Picture Books That Demonstrate Narrative Writing

If there’s one subject that seems to befuddle homeschoolers more than any other, it’s writing.  I hear it during homeschool consultations and casually talking among homeschool friends, and I see questions about it all over the internet.

Using picture books is a great way to teach the narrative writing style to older students!

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People are often surprised when I tell them I don’t formally teach writing until middle school.  Really, I don’t.  And here’s my reasoning…

Why We Wait For Formal Writing Lessons

In elementary school, children are physically working hard just to form letters.  It takes a lot of effort to practice a few sentences of copywork.  With so much effort to write words on the paper, I find it simply too frustrating for them to also focus on creating stories as well.  And, really, when you think about the various stages of cognitive development, most children aren’t really ready to pull together their own stories before 5th or 6th grade.

Does this mean there is no writing in our elementary homeschool besides copywork?  Of course not.  We work specifically on sentence formation and even paragraph writing in 3rd-5th grades.  They also write as part of assignments during project-based learning or labbooking.

It’s just that I don’t teach formal writing until middle school – narratives, descriptive writing, persuasive essays and expository writing.  In other words, the writing where a whole lot of thinking and processing has to occur in order to pull together a well-thought out, organized, creative piece.

I Use Picture Books with Middle School Students

When it is time to teach writing styles, I LOVE to use picture books (which have been written by master authors) as examples.  Even better, I love to use books that my children have read many times over in their earlier years.  In this case, they already know the stories and can see them with fresh eyes as they look from the perspective of a particular writing style.

Today, I’d like to share some of my favorite picture books to use when teaching middle school (or even high school) students narrative writing.  Some people will think, “You’re using picture books with middle school students??”  Yes.  Heck, I use picture books with people of all ages because so many of them are plain wonderful!  More importantly, though:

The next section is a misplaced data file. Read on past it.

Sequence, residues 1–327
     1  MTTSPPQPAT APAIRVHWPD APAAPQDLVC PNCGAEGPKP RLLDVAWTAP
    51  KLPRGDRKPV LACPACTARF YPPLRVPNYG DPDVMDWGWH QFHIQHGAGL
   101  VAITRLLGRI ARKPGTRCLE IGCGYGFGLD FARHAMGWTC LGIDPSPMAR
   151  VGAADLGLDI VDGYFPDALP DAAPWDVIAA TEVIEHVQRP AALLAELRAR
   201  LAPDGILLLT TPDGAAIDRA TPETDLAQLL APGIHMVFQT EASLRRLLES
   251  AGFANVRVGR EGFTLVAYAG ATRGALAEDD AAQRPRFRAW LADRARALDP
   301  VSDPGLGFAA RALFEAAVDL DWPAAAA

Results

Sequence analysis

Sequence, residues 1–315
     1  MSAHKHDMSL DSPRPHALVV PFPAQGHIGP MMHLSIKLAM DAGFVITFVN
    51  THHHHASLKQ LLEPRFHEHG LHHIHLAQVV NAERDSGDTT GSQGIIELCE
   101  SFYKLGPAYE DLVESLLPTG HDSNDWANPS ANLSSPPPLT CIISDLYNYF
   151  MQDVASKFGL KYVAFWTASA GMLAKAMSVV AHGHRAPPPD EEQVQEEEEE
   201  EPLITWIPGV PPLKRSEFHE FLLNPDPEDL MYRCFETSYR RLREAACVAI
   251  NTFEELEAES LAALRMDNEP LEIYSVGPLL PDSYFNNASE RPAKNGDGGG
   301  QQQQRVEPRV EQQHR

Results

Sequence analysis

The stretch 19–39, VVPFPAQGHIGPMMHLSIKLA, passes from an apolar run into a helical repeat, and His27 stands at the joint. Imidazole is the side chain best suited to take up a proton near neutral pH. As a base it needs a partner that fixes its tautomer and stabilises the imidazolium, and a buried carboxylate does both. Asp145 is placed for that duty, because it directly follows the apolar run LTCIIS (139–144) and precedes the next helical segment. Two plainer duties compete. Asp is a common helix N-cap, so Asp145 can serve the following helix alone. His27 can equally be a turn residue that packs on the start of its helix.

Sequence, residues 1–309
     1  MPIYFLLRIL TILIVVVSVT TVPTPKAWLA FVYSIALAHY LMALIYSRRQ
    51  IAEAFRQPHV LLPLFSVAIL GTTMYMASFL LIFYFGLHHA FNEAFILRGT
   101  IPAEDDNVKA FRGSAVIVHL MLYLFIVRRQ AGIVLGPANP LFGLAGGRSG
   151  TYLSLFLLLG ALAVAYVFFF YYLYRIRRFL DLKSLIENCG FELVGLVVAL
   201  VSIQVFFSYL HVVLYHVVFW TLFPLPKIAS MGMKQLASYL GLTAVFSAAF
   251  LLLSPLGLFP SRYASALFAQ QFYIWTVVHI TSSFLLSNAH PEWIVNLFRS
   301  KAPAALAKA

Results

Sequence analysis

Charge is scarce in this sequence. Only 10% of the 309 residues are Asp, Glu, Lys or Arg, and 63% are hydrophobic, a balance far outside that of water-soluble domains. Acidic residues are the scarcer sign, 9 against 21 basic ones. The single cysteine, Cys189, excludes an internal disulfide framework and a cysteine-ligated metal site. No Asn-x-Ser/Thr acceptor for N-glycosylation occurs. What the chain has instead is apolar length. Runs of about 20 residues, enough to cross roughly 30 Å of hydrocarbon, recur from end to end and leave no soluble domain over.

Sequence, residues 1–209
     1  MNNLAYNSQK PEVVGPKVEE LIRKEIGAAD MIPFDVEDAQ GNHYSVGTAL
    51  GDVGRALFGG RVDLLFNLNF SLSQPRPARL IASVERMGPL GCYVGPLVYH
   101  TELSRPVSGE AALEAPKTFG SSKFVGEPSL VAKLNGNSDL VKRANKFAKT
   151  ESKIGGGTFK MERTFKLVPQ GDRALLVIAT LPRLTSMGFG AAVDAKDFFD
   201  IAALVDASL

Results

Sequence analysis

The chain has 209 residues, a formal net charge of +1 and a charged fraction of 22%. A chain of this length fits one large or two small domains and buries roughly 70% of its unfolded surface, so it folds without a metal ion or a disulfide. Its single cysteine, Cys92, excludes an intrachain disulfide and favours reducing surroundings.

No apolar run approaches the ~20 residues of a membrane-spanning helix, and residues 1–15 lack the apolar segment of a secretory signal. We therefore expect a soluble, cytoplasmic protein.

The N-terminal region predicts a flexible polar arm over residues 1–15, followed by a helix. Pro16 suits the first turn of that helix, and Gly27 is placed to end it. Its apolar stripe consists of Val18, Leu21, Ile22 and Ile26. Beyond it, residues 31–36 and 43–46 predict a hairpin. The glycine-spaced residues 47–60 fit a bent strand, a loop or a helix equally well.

• Picture books are a good length for teaching lessons in a reasonable amount of time.
  • They make writing a narrative seem doable (not overwhelming.)
  • Their use of illustrations help new writers understand that good writing should invoke illustrations in the mind of the reader.

Picture Books to Teach Narrative Writing

Take a peek at my favorite books for teaching narrative writing, then I’ll meet you at the bottom of the post to share how I use them in lessons.

The Relatives CameThe Relatives CameWhen I Was Young in the Mountains (Reading Rainbow Books)When I Was Young in the Mountains (Reading Rainbow Books)Owl MoonOwl MoonThe Rag CoatThe Rag CoatThree Days on a River in a Red Canoe (Reading Rainbow Books)Three Days on a River in a Red Canoe (Reading Rainbow Books)Thunder CakeThunder Cake

 

The Relatives Came by Cynthia Rylant tells the story of a yearly family reunion.  The perspective makes you feel like you’re right there with the family enjoying food and festivities, and even sleeping uncomfortably amongst too many people.  The book helps your writer think about using words to evoke feeling.

When I Was Young in the Mountains by Cynthia Rylant gives a first person account of growing up in coal country where life was simple, yet sweet.  It will help your writer think of everyday things as powerful memories.

Owl Moon by Jane Yolen takes the reader on a wonderful father-daughter walk late one evening in search of an owl.  This story can help your writer learn how to take a simple, even short event and turn it into a magical story.